Photos by Brett Bean
The spotlight glimmers down on eagerly singing faces. The live orchestra pit echoes throughout Smothers Theatre while a vibrant spectrum of set lights dazzle across the illuminated stage. As each musical number ends, the audience’s applause breaks through the short-lived silence.
This year Smothers Theatre hosts Songfest in its transportation-themed show “All Aboard.” Performances run Tuesday, March 14 through Saturday, March 18 at 7:30 p.m with an additional 2 p.m. matinee performance Saturday, March 18.
“I think the show this year does a great job of blending the classic with the obscure under the umbrella of the transportation theme,” junior, and one of five female Songfest hosts this year, Gabby Gonta said. The other hosts include Caitlin Quisenberry, Haley Smith, Andrea Wigginton and Laura Howard.
The show’s modes of transportation include surfboards, river rafts, space ships, horse drawn wagons, broomsticks and taxis. The show follows surfers shredding the gnar, a community coming together across a river via rafts, a “Star Wars” parody forging intergalactic relationships through spaceships, a wild ride in the West with horse drawn wagons, the invention of flying broomsticks, and the union between rival taxi drivers in a big city.
Every aspect of the show corresponds to the theme, which is unique every year. Seaver students perform in groups and present 12-minute performances consisting of singing well-known songs, dancing in vibrant costumes on lively hand-crafted sets, and using original scripts.
There are six groups consisting of sororities and fraternities along with other non-Greek affiliated groups on campus. Students spend two weeks from 10 p.m. to midnight at rehearsals. The groups include Alpha Beta Delta and Company, Chi Alpha Kappa Epsilon, Delta Psi Theta and GeedStorm, Eta Theta Tau, Gamma Ghkkkkket Sigma and Friends and Pi Delta Friends.
“The greatest challenge has been the time commitment every day for the last two weeks,” junior Blake Blacklidge, who also participated in Songfest last year, said.
Membership effort and collaboration leads to create a set, props, costumes, select songs, write a unique script and choreograph the production. All groups and hosts are responsible for coming up with each performance component.
“We not only worked together on our songs and routines, but we also built our own sets, wrote our scripts, chose our costumes, and helped select the music for the show,” junior, and another host of Songfest this year, Caitlin Quisenberry said.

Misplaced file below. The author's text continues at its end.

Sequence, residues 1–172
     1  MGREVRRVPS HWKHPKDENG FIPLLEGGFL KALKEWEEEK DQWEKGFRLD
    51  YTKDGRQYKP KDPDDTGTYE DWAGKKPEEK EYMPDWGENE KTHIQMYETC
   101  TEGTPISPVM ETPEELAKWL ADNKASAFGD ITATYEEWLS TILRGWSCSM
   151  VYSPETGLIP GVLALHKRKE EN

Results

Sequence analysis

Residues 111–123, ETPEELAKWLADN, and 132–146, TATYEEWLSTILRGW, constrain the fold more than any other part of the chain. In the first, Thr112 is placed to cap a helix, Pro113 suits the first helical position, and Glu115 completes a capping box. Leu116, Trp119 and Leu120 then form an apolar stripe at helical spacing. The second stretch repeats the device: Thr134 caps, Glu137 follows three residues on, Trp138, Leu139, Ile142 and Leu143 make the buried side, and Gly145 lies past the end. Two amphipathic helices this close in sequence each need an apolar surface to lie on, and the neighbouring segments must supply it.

The hosts of Songfest showcase their musical talents in the interim of group performances.
“I’ve been involved in Pepperdine’s Chamber Choir since freshman year,” Quisenberry said. “Being a Songfest host was the perfect opportunity for me to be able to sing a different genre of music and perform on the Smothers stage.
The hosts guide the audience through the show and provide smooth transitions from group to group.
“We’ve been working on our material behind closed doors for so long that it was awesome to see that other people relate well to the stories we are telling and are having fun with us,” Gonta said.
Even though Songfest is meant to foster community, the student groups are also competing against each other for first place. Performances are judged in numerous categories by a panel of entertainment industry professionals along with members of the Pepperdine community. By the end of the final performance on Saturday, March 18, the group with the highest score will be awarded the Songfest Sweepstakes Award.
Senior Amber Blu said she enjoyed being a part of Songfest for the past four years.
“My favorite part is the performances because you get to see the seed you planted all the way back in September blossom,” Blu said.
With all that goes into the production, Songfest allows for anywhere between 20 to 85 group members. This year’s smallest group contains 20 members, and the largest group has 60 members.
“The most rewarding aspect this year has been that I have become very close with the people in my group,” Blacklidge said.
Junior Jonah Kral reiterated how Songfest forges new relationships, and he wanted to be a part of all the excitement.
“I had heard that the community, relationships and experiences lead to lifelong memories, and that wasn’t something I wanted to miss out on,” Kral said.
As for freshman Caitlin Crawley, she said she was excited to join this year after hearing so much about Songfest.
“I love performing, so I thought that it would be right up my alley,” Crawley said.
Between humorous lines and sentimental plots, the entire performance offers the audience an array of emotions.
“Songfest is like an onion — there are so many layers to it, and it’ll make you cry,” senior Tina Barzdukas said.
Songfest tickets cost $20, and student tickets cost $10 and can be purchased or picked up at the Smothers Theatre Box Office or purchased online. Tickets for the Tuesday and Wednesday performances cost $15 ($7 for students.)
Whether it be by plane, train or automobile (or in this case surfboards and flying broomsticks), this year’s Songfest takes audiences on a trip they will applaud for.
“There is this great energy and support from everyone involved that has pulled us through the long rehearsal nights and surrounds us now as we get ready to perform,” Quisenberry said.
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